U.S. Solar Power Has Room to Grow

U.S. Solar Power Has Room to Grow

According to two recent International Energy Agency reports, solar power could become the world’s leading source of electricity by 2050. Internationally, solar production as a contribution to overall energy is steadily rising. Although the United States lags behind Europe, forecasts predict significant growth in the use of solar power domestically as well. More

Solar Power Could Be World’s Largest Electricity Source by 2050

Two recent International Energy Agency reports find that photovoltaic (PV) installations are being built at a rate of approximately 100 megawatts daily, and by 2050 PV panels could be producing 16% of the world’s electricity. In the same time frame, solar thermal electricity could produce 11% of the world’s electricity. More

Solar Battery Runs on Light and Air

Researchers at Ohio State University recently developed a hybrid device that combines a battery and a solar cell into a device that not only produces its own energy, but stores it as well. Light and oxygen react within the battery, creating a chemical reaction that charges the battery. The development of this device could further reduce solar power costs as well as improve system energy efficiency. More

Solar Cells Double as Semi-Transparent Window Blinds

The Okinawa Institute of Science and Technology has developed a solar cell that relies on a type of inexpensive semiconductor called perovskite materials. The hybrid solar cells are 135 nanometers thick and could theoretically be used to create lightweight window blinds that would supply power to the rest of the building in which they are installed. More

Solar Cells Inspired by Blades of Grass

Led by Alejandro Briseno of the University of Massachusetts Amherst, an international team of researchers has started to develop organic solar cells inspired by blades of grass. Creating the cells out of vertical nanopillars, the team envisions cells that could be applied to toys, gadgets, and short-lived disposable devices. More

Sunflower Solar Harvester is Capable of Supplying Both Electricity and Water

Airlight Energy of Biasca, Switzerland, has developed a practical, easy-to-ship and build device that can generate heat, clean water, electricity-and, with the addition of a heat pump-provide refrigeration as well. The mirrors on the ‘petals’ of the Sunflower are made from low-cost metallized foil designed to keep costs low, and the device should be able to produce 12 kilowatts of electricity during ten hours of exposure to sunlight. More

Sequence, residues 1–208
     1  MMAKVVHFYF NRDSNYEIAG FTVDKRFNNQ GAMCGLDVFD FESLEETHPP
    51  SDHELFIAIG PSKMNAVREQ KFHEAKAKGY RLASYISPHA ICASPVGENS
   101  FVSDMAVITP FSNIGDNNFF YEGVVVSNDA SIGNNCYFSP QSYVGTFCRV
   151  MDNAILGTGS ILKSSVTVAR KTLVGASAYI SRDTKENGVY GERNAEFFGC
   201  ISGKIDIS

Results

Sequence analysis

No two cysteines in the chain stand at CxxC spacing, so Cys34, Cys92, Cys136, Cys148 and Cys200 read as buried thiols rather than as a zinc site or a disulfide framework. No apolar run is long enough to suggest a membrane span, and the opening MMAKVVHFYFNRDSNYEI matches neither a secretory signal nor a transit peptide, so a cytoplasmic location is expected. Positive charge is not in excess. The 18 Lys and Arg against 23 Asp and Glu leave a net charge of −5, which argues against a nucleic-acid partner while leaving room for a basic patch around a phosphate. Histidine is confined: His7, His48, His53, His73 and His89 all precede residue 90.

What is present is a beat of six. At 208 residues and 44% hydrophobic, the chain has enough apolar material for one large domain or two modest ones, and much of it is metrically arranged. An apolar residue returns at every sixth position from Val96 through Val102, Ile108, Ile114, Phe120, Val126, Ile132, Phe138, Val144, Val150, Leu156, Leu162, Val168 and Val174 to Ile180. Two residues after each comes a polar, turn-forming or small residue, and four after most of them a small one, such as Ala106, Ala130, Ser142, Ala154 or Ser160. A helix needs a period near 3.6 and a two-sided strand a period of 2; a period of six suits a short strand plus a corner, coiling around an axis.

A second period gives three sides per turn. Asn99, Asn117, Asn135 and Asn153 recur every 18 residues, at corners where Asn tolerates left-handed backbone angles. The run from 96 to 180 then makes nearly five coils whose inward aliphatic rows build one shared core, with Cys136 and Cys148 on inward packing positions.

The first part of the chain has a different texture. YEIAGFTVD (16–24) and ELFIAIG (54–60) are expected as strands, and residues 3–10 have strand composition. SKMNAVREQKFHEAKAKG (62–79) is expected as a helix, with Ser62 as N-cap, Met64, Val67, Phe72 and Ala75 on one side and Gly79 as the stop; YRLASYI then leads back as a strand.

Southwestern United States Has Potential for Solar Growth

According to Michael Gorton, founder and CEO of Principal Solar, utility-scale solar power installations will grow significantly in the southwestern desert areas of the United States over the next decade or so. These areas have low population densities and are located far away from major energy consumers, however, so there remains the need to find a way to efficiently and inexpensively transport the electricity produced.More

Magnetic Fields Offer New Hope for Improving Solar Cell Efficiency

The materials used to make photovoltaic (PV) materials can limit the efficiency of solar cells. When photons strike molecules of a solar cell, energized quasi-particles called excitons are released that produce an electric current. However, the materials used to make PV cells are full of minuscule defects that trap the excitons and waste their energy. Researchers at the Massachusetts Institute of Technology and Harvard have found a way to ensure that excitons do not fall into these defects, increasing the overall efficiency of the solar cell. More

Mission Solar Testing Double-Sided Panels

Mission Solar is testing double-sided panels with University of Texas at San Antonio researchers in order to increase the overall amount of energy produced at solar farms. Theoretically, double-sided solar panels will produce more energy overall and have a longer lifespan than the average solar panel. The researchers are exploring optimal positioning of the panels as well as how different ground materials-grass, asphalt, cement, etc.-affect energy production. More

Honda Signs Deal With Solar City

Honda recently contributed $50 million to support Solar City’s research in solar power efficiency and production. The long-term plan is to design low-cost solar panels that will not require large initial payments to be installed on homeowners’ roofs. In 2013, Honda provided $65 million to Solar City in an effort to work towards zero-carbon emissions. More

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